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From Wikipedia:

A mirror neuron is a neuron that fires both when an animal acts and when the animal observes the same action performed by another.

Mirror neurons are related to imitation learning, a very useful feature that is missing in current real-world A.I. implementations. Instead of learning from input-output examples (supervised learning) or from rewards (reinforcement learning), an agent with mirror neurons would be able to learn by simply observing other agents, translating their movements to its own coordinate system. What do we have on this subject regarding computational models?

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This article gives a description of mirror neurons in terms of Hebbian learning, a mechanism that has been widely used in AI. I don't know whether the formulation given in the article has ever actually been implemented computationally.

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Whether "I take the ball" or "he takes the ball", all stored instances of 'taking' and 'ball' will be weakly activated and 'taking [the] ball' will be strongly activated. Doesn't this qualify as 'mirroring'? If you also know that "I have an arm" and "he has an arm", etc., then when "he takes some blocks", it isn't too hard to think that "I could take some blocks."

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We actually do have many things along that line, motion capture for 3-D movies instance comes to mind almost immediately. The problem if I think about it is less of a situation in observing another actor, computers are relativity good at doing that already with the amount of image recognition software we have, rather it's a problem of understanding if an action yielded a good outcome as a net which is something that computers cannot do as it's not a single node network problem. For example, we've already programmed a computer to understand human language (Watson, arguably), but even Watson didn't understand the concept that saying "f***" is bad. (Look that up, it's a funny side story.)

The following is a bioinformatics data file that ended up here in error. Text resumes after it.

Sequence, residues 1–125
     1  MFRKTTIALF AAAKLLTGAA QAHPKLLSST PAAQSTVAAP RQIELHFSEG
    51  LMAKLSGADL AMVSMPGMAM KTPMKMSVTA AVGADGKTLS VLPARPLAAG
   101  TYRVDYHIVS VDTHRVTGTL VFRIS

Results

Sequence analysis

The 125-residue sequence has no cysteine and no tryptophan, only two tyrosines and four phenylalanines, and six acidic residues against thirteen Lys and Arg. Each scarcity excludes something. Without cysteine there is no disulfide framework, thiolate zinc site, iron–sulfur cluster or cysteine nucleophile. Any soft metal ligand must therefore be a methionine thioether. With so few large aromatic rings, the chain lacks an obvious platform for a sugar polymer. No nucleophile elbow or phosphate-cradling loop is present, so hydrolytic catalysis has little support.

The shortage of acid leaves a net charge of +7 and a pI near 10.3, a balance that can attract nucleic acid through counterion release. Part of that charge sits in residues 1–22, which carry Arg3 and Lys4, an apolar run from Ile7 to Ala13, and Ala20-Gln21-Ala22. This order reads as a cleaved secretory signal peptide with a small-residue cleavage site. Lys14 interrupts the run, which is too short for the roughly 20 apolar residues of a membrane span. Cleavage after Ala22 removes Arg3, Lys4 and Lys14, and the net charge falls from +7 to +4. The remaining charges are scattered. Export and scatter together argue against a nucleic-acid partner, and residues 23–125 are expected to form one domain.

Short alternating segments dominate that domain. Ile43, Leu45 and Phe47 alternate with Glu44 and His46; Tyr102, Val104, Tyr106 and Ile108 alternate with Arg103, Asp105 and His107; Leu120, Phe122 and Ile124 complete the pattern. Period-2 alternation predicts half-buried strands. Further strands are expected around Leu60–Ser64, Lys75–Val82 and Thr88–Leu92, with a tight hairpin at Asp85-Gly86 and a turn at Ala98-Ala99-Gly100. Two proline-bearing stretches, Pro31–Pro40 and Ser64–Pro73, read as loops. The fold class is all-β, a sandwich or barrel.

But the point is, learning algorithms are not true learning in a sense as a computer currently has no sense of "a good outcome", hence at this stage observation learning is very much limited in a sense to "monkey see, monkey do".

Perhaps the closest thing I have ever read about with this was firefighting search and rescue bots that were on a network and would broadcast to each other when one of them had been destroyed as the bots would know the area was something that they had to avoid.

Otherwise, I think this is the problem with observational learning. A person can observe that punching someone usually will get you hit back, a computer will observe and parrot the action, good or bad.

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